Wednesday, December 2, 2009

Navy Seals face court martial for bloody lip or punch in the stomach or something

My immediate reaction to the news that three Navy Seals were facing courts martial for delivering a bloody lip or a punch in the stomach to a captured terror suspect was outrage.  But I read Ed Morrissey's HotAir post on the subject, and temporarily wimped out and decided to hold off on posting until more information was available.

Time's up.  I can't stand the thought that American Navy Seals who captured a subhuman terrorist who was the mastermind of the murder and mutilation of four Blackwater USA security guards in Fallujah in March of 2004, are now facing a disgraceful ending to their exemplary careers because that terrorist accused them of abuse.

Disclosure. My family and friends will recall that I have a particular and painful bias in this matter.  In September of 2004, my friend, Jack Hensley, a contractor in Iraq, was beheaded by Abu Musab al-Zarqawi.  He was there to help rebuild the infrastructue of Iraq for its people, and to earn some needed extra money for his family.  Jack was one of the brightest, kindest, most unselfish people I have ever known, and his life was snuffed out in an instant in an unspeakable act of barbaric, senseless cruelty.

Doug Hagmann at Canada Free Press suggests that the sophisticated training our terrorist enemies receive, teaches them to use the protections and safeguards of our legal system against the men and women that serve and protect us day in, day out:
The ludicrous nature of the charges aside, outrage is unfortunately obscuring an extremely important piece of exculpatory evidence that should be introduced in their defense. The allegation of abuse during capture or while in detention adhere to a carefully outlined plan published by the enemy in late 2003, is an effective and demoralizing operational tactic of the enemy.

The claims by ABED follow a precise strategy detailed by an online paramilitary training series known as “al Battar,” which provides instructions on all aspects of Islamic warfare. First published in 2003, al Battar provides detailed instructions to Islamic terrorists on methods to fight the West, from practical weapons training to ideological warfare. The al Battar training series was concurrently supplemented by a sister publication known as the Voice of Jihad, a publication that provides more detailed ideological and scholarly instruction to terrorists than the al Battar series. Together, the publications provide valuable insight into the tactics of Islamists on and off the battlefield. The Northeast Intelligence Network has been extensively involved in securing, translating, and providing tactical analysis of that publication to military and federal authorities.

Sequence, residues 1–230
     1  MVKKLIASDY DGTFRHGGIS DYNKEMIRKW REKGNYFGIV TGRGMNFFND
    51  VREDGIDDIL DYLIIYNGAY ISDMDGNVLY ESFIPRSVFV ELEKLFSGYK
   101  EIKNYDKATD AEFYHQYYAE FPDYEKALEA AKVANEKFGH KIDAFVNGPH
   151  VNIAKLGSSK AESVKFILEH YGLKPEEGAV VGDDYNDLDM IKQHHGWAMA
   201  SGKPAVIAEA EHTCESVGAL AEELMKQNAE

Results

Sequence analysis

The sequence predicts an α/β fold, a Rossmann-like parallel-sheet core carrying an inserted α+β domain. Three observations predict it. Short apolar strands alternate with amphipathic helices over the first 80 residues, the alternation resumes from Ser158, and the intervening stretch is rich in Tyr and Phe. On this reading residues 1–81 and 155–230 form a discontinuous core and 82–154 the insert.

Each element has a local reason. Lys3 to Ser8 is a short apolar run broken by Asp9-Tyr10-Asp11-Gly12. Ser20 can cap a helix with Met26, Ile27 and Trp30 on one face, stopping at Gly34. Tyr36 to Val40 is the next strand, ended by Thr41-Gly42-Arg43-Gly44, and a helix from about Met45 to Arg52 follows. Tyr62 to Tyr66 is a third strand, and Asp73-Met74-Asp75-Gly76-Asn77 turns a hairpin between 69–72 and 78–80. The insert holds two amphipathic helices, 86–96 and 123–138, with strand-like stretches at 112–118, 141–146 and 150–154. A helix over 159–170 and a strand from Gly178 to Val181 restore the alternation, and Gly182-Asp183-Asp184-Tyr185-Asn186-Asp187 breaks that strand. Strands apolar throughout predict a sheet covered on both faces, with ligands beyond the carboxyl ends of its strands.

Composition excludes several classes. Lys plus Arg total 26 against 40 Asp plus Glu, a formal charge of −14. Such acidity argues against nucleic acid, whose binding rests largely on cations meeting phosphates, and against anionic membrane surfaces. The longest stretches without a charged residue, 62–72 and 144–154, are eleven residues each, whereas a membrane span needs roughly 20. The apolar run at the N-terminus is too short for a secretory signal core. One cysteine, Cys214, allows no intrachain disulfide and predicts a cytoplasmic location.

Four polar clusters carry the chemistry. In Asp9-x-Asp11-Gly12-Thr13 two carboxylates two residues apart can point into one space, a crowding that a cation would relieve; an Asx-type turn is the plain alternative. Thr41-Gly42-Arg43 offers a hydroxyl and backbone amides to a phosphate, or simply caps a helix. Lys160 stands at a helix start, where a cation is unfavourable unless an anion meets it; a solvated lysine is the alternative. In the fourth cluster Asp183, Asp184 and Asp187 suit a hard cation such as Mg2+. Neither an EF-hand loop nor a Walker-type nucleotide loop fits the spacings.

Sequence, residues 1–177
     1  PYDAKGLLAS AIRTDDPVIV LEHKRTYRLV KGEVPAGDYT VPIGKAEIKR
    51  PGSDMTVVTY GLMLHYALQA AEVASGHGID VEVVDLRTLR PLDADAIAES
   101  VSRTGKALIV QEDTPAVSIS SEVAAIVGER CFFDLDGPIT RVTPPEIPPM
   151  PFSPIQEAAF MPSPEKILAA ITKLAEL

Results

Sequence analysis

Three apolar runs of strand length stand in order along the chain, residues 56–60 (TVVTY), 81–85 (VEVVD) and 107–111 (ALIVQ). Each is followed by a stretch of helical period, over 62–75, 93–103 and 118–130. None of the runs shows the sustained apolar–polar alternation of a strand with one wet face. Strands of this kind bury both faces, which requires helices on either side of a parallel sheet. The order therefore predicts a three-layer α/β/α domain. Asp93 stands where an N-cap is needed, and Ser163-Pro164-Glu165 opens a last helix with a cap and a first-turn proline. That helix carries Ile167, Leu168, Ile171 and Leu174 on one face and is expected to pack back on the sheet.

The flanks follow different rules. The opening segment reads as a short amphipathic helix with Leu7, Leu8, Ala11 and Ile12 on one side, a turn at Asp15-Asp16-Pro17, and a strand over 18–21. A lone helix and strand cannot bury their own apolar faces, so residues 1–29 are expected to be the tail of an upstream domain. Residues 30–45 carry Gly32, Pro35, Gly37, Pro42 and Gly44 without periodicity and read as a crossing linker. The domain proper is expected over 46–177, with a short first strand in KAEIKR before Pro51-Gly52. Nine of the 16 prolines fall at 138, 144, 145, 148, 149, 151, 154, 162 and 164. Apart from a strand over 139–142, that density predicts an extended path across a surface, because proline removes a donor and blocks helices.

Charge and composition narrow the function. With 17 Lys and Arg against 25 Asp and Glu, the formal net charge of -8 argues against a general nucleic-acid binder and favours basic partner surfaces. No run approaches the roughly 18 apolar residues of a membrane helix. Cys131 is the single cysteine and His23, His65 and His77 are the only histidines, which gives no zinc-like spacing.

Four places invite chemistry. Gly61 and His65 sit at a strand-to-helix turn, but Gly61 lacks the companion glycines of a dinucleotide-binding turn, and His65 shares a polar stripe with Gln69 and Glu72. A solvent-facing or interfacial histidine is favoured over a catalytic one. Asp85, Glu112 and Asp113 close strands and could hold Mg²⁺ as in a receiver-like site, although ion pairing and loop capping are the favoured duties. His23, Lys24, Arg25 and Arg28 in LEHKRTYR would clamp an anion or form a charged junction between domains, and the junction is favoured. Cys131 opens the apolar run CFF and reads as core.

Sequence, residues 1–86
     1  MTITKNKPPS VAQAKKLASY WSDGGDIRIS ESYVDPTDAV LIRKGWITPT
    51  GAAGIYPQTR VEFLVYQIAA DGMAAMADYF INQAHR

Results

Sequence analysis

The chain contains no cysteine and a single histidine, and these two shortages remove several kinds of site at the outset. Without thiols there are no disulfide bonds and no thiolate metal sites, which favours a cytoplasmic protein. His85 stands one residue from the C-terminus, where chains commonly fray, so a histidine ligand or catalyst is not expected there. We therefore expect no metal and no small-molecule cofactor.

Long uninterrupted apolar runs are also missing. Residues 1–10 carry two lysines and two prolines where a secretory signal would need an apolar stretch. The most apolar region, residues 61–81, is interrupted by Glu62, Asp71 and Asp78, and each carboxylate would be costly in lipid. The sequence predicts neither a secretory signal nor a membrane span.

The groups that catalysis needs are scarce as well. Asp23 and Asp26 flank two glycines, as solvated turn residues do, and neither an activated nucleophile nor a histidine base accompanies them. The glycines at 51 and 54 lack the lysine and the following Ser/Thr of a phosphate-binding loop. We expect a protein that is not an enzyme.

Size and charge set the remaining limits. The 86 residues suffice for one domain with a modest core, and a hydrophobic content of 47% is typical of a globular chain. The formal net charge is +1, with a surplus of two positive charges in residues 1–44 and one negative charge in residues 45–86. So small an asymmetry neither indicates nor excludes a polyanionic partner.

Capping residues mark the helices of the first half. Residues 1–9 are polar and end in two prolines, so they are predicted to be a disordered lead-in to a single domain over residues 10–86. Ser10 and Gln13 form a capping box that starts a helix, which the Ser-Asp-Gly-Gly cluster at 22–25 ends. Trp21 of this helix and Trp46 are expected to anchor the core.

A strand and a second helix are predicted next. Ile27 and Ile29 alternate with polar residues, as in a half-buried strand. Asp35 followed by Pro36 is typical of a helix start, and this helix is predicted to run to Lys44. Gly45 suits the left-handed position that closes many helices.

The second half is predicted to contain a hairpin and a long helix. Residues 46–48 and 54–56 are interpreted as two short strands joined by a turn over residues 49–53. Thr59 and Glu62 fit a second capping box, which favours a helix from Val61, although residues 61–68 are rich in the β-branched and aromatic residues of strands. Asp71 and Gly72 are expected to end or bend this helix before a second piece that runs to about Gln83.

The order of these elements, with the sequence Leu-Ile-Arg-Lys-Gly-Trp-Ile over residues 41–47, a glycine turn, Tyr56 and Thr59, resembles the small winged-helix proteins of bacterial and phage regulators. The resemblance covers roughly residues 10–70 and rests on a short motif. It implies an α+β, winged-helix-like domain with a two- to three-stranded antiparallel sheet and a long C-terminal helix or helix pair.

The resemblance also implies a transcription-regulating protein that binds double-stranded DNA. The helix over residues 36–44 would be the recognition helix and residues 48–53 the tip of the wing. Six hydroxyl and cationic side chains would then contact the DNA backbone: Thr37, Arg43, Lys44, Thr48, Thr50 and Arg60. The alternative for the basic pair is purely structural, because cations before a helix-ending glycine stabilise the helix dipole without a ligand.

Among the topics contained within the instructional series are methods to employ when captured by Western forces. The favored approach by the captive is to allege abuse during capture or detention, which serves to exacerbate the ongoing political debates pertaining to the classification, handling and disposition of enemy combatants.

If our leaders require us to engage in this insane self-flagellation by forcing the three Seals into the criminal justice system, it is my hope that their attorneys present the aforementioned publications into evidence. It will be abundantly clear that ABED was merely following the Islamic warfare playbook.
I am somewhat encouraged by Bob McCarty's post at Big Government today.  He states, in part:
As my first investigative reporting effort related to the SEALs’ case, I offer six important facts about the case you’re likely not to read about in the mainstream media supplied to me by a source whom I cannot name inside the Pentagon:

1) The charges or accusations against the three Navy SEALs were not made from within the SEAL community. Sources tell me they came from someone within the Navy’s Master-at-Arm community.

2) The SEALs were presented with the option of going to Captain’s Mast for these charges but declined this form of non-judicial punishment and opted for court-martial instead. Why? Because they did not want to be judged by those outside of the SEAL community and believed the court-martial route would assure them the representation necessary to prove their innocence.

3) At no time did anyone within the Naval Special Warfare community have any control over these accusations or events other than providing advice or guidance to the accused SEALs.

4) The integrity of the chain of custody of the prisoner is at question.

5) There are extenuating circumstances that indicate there is questionable evidence in some of the accusations made.

6) Evidence will come out in a court-martial that might not have come out in a Captain’s Mast in favor of the accused SEALs.
I pray that Mr. McCarty's information is accurate, and that these brave young men will be completely exonerated.

In closing, I will leave you with a quote that is often attributed to George Orwell (probably incorrectly, but I don't really care):

"We sleep safely in our beds because rough men stand ready in the night to visit violence on those who would do us harm."


  1. Accepting a Captain's Mast could have set them up for a more substantial punishment. I'd risk the Court Martial too. It's beginning to look as if some of our military commanders are more concerned about their "job" than they are their service to our country and the men and women who serve with them.

  2. Since when does being a SEAL automatically mean you are above the law? I can't believe what I'm reading. You really think that it is perfectly okay for a US soldier to abuse prisoners? Whatever happened to that little thing called "Rule of Law?" Those "legal protections" you speak of are fundamental to what it means to be an American, and you are happily desecrating them for the sake of your own petty emotional bias.